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Anyone Familiar With Water Jet Flossing for Gums and Teeth?

11/29/2017 1:11 PM

I've got an infection under one of my teeth. The dentist suggested using those little cylindrical brushes with mouthwash to try to clear it away, but, said that using a Philips sonicare water jet flosser would be much more effective. The Philips design is actually an air jet with tiny bubbles of liquid so it uses much less liquid than other designs, and, is therefore much better if you want to use it with mouthwash.

The dentist's assistant said make sure you buy the later model which is pink not the old blue/green one. So I started looking online and found all these model numbers:-

HX8111

HX8222

HX8340

HX8372

HX8472

etc. etc. But I can't find a part code breakdown anywhere that tells me what all these numbers mean. (This is a problem I often have with white goods like washing machines etc. it's difficult to compare prices from store to store because the machines have superficially the same spec. but the actual part numbers are different and the shop assistants can never tell you what the codes mean.) Sorry for digression.

Anyway whilst searching I came across this review

https://moo.review/philips-sonicare-airfloss-ultra/

which is so damning that I've been put off altogether. Basically the things work well but of the eight they've tested all have failed within 2 months, and follow up comments seem in agreement.

I'm still tempted to go to a shop with a good reputation: buy one and just keep taking it back when it fails.

Anyone got any experience/ideas.

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#1

Re: Anyone Familiar With Water Jet Flossing for Gums and Teeth?

11/29/2017 2:10 PM

In general, when I'm interested in buying a product, I look on the Amazon reviews, looking at the average and reading the 1-star reviews to see what people have found wrong with it.

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#6
In reply to #1

Re: Anyone Familiar With Water Jet Flossing for Gums and Teeth?

11/30/2017 6:10 AM

Yes: a lot of the 1 stars complain about Philips failing after "n" months. Most say it was good 'til it broke. I wonder how many of the 5 star were written soon after the purchase and weren't updated when the thing failed.

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#2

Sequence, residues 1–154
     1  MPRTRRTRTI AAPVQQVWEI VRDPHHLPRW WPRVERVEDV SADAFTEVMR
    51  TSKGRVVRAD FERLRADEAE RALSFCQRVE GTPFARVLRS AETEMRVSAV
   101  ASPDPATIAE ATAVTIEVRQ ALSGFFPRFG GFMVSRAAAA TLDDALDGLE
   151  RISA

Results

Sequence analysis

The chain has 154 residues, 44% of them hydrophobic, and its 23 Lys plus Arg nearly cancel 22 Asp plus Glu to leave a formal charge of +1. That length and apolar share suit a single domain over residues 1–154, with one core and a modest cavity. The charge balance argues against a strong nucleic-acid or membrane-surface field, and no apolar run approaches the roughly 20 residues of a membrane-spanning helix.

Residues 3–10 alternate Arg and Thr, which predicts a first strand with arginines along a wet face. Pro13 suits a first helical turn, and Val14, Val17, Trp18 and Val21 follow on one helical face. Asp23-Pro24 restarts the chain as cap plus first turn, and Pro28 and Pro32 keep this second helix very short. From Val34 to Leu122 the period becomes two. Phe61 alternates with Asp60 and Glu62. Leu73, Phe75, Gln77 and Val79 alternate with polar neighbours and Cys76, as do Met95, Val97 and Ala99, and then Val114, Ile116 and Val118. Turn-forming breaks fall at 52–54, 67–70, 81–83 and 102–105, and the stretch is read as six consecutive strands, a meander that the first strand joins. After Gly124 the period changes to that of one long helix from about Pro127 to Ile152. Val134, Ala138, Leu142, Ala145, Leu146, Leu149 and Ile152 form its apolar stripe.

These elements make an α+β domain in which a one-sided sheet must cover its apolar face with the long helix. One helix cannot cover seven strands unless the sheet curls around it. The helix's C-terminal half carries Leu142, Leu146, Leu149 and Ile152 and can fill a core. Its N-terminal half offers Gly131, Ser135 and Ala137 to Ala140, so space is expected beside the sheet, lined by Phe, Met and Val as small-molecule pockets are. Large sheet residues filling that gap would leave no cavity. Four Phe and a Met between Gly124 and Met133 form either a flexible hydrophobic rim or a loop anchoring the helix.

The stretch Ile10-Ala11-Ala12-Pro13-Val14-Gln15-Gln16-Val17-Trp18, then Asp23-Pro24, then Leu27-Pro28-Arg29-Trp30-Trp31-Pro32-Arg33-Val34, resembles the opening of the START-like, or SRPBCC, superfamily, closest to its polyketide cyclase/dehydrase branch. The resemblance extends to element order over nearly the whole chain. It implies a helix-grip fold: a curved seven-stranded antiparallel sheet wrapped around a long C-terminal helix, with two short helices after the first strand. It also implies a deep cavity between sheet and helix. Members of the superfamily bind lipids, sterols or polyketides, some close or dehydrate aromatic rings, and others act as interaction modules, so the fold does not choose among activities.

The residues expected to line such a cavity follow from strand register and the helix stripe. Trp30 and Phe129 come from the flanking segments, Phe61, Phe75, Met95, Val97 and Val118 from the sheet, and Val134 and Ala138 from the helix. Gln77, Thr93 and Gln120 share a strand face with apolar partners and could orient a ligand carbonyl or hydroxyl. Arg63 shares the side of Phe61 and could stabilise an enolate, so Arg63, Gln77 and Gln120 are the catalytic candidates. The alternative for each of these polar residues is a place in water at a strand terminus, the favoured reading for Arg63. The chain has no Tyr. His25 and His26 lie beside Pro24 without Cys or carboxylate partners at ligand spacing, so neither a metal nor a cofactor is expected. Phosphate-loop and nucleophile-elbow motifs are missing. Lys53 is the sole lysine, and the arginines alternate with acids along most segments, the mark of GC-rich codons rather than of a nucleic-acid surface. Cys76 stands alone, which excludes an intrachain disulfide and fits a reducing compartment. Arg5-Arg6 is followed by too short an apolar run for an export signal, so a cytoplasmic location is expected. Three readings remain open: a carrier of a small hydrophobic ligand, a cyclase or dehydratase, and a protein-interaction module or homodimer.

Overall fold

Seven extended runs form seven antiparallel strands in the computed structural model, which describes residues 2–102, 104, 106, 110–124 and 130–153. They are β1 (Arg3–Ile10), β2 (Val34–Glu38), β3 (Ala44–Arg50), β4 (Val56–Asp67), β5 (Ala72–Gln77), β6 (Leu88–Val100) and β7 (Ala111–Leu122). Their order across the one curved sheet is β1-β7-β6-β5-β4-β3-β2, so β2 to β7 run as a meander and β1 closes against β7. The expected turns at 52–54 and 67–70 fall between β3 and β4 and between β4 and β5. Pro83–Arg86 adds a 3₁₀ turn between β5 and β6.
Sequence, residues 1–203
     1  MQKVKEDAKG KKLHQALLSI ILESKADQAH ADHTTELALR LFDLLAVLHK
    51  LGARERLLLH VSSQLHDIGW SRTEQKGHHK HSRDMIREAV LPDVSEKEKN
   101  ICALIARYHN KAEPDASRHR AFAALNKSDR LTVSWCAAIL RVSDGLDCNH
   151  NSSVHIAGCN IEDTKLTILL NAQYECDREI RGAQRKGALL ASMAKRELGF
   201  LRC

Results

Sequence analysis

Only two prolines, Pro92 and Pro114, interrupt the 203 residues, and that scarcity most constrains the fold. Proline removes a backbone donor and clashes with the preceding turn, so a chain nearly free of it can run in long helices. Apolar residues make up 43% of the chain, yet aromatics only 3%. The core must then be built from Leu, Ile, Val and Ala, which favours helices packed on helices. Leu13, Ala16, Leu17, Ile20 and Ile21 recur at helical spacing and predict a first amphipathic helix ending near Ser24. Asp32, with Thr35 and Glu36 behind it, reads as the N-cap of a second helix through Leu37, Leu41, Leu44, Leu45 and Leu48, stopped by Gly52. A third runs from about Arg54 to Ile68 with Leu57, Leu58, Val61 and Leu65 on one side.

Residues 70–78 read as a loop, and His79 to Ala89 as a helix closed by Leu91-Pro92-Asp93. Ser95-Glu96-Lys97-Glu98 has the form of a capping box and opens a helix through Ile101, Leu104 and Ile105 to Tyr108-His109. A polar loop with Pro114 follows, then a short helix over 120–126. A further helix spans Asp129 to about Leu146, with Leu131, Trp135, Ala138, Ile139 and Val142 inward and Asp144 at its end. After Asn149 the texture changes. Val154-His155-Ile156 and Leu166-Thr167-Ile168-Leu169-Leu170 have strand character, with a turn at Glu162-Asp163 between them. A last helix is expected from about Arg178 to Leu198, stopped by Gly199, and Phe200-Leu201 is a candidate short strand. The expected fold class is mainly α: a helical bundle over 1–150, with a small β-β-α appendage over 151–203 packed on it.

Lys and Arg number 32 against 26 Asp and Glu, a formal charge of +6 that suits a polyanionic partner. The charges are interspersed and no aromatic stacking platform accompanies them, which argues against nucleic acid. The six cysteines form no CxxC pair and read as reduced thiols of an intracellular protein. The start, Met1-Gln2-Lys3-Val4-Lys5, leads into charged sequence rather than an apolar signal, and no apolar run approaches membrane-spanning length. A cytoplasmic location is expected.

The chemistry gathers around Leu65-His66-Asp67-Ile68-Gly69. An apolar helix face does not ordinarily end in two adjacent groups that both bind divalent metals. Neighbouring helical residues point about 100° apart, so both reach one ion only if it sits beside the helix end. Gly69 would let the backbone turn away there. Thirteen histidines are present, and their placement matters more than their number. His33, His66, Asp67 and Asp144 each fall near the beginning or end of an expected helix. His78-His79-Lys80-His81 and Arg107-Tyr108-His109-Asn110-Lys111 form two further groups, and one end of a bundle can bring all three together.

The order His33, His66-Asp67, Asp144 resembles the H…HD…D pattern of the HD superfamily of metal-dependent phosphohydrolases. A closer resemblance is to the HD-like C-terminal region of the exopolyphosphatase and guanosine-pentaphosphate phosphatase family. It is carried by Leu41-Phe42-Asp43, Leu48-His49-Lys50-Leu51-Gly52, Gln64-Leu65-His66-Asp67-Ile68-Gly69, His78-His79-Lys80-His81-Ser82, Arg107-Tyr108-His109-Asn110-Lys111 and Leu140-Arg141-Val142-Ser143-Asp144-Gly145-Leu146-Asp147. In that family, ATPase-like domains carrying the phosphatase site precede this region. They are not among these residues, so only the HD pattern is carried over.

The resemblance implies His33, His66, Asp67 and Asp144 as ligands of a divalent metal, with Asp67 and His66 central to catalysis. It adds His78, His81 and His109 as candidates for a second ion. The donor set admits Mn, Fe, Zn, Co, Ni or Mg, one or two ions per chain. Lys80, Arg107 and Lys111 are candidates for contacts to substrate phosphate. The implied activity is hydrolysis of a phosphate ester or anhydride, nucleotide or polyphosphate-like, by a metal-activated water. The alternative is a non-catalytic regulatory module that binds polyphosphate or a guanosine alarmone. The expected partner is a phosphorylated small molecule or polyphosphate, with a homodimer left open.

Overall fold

Re: Anyone Familiar With Water Jet Flossing for Gums and Teeth?

11/29/2017 2:18 PM

I have a WaterPik that I bought several years ago (looks like this). My dentist told me to "buy the cheapest one." I didn't get quite the cheapest but didn't break the bank. I've been happy with it. Get one with a couple different sized tips. And when you use it, squirt the first water out into the sink. It will be COLD. I have had a lot of gum trouble over the years; this appliance has made quite a difference for me. Good luck.

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#7
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Re: Anyone Familiar With Water Jet Flossing for Gums and Teeth?

11/30/2017 6:15 AM

Interesting that the advertisement specifically compares the WaterPik with yet another Philips part code HX8181 which I suspect was one on the first generation.

I am beginning to think I'll just stick with straight water jets and try to apply the mouthwash another way.

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#3

Re: Anyone Familiar With Water Jet Flossing for Gums and Teeth?

11/29/2017 3:34 PM

I have a Dentalski that works great....I use warm water....but this is more of a preventative maintenance tool....if you have an infection, I just rinse with hydrogen peroxide whenever I feel pain, usually once or twice in a day does the trick...let it sit on the tooth in question for 20 seconds....I follow the rinse with a regular toothbrushing to kill the after taste....I don't seem to have that problem much anymore by rinsing with the hydrogen peroxide once every few months as a preventative measure....just don't swallow any,, haha..

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#9
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Re: Anyone Familiar With Water Jet Flossing for Gums and Teeth?

11/30/2017 6:20 AM

Hydrogen peroxide!? Won't that turn the hairs on my tongue white?

0 to 110 PSI! Wow: have you tried it on the patio?